Non-Fatal Dog Bite Statistics By Breed

Categories: Dog Bite

dog bite

Each year, nearly five million Americans are injured by non-fatal dog bites from aggressive dogs. Even if a bite is non-fatal, approximately one million of these bites will go on to become infected and require major medical attention. Nearly every jurisdiction across the U.S. reports the same horrors about the dog bite injury victims that visit their Level 1 Trauma Centers each year. 

A dog bite injury can change the course of your life with just a flash of teeth and fur. In this blog, the Brett McCandlis Brown & Conner team will brief you on exactly what kinds of dog breeds to watch out for. We will also provide you with some ways to protect your family in the event of a non-fatal dog bite. Finally, we will discuss how you can be compensated for your injuries and losses if you are attacked by an aggressive dog.

What Dog Breeds Are Likely to Cause a Non-Fatal Dog Bite Injury?

The American Animal Hospital Association has identified several dog breeds as being most likely to cause a dog bite injury. From a victim’s perspective, “unknown breed” always tops the list. Often, this is because victims are in shock, seeking medical care, or are unfamiliar with dog breeds and cannot easily identify the type of dog that bit them. 

After that, the dogs most likely to cause a non-fatal dog bite include:

  • Pitbulls,
  • Mixed breeds,
  • German Shepherds,
  • Large terriers of any type, and
  • Rottweilers.

Remember, individual dogs cause bite injuries, not dog breeds. However, the short, muscular stature and wide heads of pit bulls and some mixed breeds make them likely to cause injury if provoked or threatened. 

Should I Watch Out for Any Other Dog Breeds?

Non-fatal dog bite statistics by breed are helpful, but they don’t give a complete picture of which dogs to look out for. Simply because a dog is not a particularly aggressive breed does not mean that the dog is not aggressive or dangerous. In fact, small and medium-sized dogs are nearly as likely to inflict a dog bite injury on you or your child as their larger counterparts. The dogs that rank just below Pitbulls and Rottweilers in terms of aggression include:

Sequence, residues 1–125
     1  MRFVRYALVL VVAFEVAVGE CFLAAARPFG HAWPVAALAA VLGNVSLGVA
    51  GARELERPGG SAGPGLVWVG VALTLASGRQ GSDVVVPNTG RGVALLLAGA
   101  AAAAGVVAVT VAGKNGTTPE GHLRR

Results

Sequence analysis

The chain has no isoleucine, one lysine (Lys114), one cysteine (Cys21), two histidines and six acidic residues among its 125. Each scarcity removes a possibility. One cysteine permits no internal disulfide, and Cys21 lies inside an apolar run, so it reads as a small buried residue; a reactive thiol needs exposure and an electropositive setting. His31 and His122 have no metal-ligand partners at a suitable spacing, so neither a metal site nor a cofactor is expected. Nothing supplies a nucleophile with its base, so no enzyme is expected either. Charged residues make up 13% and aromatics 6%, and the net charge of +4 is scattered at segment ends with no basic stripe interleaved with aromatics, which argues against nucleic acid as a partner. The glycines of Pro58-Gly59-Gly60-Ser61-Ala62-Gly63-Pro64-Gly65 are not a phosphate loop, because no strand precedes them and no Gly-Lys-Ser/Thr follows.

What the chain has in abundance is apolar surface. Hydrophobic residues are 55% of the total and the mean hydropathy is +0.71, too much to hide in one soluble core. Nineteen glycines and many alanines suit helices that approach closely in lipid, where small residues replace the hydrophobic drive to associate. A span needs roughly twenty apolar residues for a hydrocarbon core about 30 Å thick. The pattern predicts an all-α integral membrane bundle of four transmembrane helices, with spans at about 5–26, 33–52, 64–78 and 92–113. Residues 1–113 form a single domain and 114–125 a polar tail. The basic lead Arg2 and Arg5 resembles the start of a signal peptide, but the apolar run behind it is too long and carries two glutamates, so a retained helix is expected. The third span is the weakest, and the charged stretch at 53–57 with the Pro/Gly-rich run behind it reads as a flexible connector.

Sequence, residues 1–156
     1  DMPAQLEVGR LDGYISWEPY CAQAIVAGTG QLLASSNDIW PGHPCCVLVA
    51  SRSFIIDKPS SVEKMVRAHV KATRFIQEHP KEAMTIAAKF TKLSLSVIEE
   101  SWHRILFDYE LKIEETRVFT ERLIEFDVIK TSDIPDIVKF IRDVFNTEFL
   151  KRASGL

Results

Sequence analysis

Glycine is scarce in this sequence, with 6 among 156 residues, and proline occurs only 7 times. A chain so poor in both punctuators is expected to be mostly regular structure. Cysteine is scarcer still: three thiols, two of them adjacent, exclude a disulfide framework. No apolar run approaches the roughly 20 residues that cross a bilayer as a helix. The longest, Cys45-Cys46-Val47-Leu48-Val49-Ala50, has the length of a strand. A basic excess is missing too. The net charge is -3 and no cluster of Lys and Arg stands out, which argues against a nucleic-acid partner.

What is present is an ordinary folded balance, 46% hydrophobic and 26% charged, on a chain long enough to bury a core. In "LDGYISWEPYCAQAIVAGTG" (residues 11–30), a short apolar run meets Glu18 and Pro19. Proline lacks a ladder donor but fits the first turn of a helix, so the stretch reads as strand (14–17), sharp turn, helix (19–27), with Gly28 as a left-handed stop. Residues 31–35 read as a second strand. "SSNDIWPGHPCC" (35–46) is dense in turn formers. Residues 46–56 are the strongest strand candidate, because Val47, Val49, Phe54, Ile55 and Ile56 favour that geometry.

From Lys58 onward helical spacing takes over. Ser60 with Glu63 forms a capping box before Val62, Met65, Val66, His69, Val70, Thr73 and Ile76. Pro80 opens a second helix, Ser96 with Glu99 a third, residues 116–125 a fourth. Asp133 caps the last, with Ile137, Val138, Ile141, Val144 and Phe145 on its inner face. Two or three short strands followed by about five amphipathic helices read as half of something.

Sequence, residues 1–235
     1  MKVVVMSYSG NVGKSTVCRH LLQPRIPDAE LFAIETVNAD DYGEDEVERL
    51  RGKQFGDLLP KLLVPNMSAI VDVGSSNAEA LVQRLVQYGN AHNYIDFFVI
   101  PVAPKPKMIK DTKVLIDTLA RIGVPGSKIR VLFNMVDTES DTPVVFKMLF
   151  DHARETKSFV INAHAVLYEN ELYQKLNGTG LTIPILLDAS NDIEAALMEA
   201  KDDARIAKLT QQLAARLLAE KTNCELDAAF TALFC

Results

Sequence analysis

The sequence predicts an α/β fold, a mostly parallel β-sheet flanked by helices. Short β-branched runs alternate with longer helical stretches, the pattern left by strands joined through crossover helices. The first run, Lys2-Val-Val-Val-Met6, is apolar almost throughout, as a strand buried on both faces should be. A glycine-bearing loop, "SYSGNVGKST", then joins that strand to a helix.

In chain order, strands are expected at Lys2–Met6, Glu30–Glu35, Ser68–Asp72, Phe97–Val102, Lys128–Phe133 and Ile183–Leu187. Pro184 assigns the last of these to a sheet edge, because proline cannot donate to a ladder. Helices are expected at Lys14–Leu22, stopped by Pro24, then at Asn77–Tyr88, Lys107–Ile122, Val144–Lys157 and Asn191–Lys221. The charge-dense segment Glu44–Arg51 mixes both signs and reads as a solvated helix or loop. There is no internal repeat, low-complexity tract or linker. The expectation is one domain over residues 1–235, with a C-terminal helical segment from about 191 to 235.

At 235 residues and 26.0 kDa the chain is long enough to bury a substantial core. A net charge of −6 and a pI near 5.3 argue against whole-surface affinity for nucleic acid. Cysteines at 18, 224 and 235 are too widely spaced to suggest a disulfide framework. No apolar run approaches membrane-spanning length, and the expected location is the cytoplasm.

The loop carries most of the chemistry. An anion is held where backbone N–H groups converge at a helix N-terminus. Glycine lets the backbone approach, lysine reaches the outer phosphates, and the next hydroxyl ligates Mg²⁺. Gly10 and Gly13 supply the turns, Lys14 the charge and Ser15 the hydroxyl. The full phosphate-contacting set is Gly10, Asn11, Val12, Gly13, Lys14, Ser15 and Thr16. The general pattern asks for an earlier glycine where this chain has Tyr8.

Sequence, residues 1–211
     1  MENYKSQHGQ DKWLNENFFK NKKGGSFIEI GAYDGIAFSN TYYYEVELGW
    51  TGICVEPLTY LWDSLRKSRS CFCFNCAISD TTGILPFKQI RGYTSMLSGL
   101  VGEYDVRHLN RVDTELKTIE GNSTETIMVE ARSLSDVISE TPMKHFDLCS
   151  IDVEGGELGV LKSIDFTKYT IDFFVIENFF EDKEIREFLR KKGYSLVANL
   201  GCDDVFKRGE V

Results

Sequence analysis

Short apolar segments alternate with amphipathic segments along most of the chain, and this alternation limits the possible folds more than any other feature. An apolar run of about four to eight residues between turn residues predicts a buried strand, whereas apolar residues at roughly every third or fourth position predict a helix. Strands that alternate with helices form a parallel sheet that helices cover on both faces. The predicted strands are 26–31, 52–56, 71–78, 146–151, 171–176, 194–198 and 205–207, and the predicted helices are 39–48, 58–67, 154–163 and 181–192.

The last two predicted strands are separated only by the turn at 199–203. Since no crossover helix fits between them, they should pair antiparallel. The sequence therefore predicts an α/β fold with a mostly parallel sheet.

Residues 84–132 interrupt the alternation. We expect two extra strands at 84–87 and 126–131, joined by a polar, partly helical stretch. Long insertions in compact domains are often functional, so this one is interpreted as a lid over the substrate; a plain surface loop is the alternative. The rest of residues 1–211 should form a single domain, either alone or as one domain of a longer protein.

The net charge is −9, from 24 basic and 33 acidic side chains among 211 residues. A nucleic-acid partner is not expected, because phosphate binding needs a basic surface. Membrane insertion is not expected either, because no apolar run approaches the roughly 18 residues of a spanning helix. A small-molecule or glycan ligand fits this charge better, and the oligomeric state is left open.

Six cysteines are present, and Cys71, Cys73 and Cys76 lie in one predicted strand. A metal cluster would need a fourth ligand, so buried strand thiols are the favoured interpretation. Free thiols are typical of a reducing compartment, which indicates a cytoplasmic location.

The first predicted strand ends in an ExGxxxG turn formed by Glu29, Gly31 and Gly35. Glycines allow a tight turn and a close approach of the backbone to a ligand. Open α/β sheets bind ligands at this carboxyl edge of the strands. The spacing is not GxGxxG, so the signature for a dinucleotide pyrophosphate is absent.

• Dachshunds;
  • Short-stature mixed breeds;
  • Cattle dogs and border collies;
  • Beagles; and
  • Jack Russell Terriers.

If you have been injured by any of these smaller dog breeds, contact Brett McCandlis Brown & Conner today. Our Washington dog bite lawyers can help.

Who Is Impacted by Dog Bite Injuries?

The rate of dog bite injuries is highest among children ages five to nine years old. In fact, the Humane Society estimates that 51% of all dog bite victims are children. 

As a result, all parents should educate their children about how to interact with strange dogs. This includes helping young children to understand the types of behavior that can upset, hurt, or provoke a dog. Children under the age of 10 should understand how to ask a stranger before petting or playing with their dog. They should also be able to identify warning signs that a dog may not be friendly or needs to be handled with extra caution.